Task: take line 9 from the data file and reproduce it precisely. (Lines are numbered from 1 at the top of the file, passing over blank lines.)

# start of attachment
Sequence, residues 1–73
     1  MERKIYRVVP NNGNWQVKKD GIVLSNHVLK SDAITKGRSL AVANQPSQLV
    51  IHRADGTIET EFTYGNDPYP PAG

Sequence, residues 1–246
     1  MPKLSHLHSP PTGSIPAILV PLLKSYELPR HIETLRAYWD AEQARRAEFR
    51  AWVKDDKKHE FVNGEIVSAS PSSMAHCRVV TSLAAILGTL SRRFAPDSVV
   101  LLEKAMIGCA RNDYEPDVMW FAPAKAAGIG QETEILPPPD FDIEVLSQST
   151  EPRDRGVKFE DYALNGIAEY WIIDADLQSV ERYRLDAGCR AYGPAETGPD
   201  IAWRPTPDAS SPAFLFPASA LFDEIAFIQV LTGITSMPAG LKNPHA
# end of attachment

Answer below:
   201  IAWRPTPDAS SPAFLFPASA LFDEIAFIQV LTGITSMPAG LKNPHA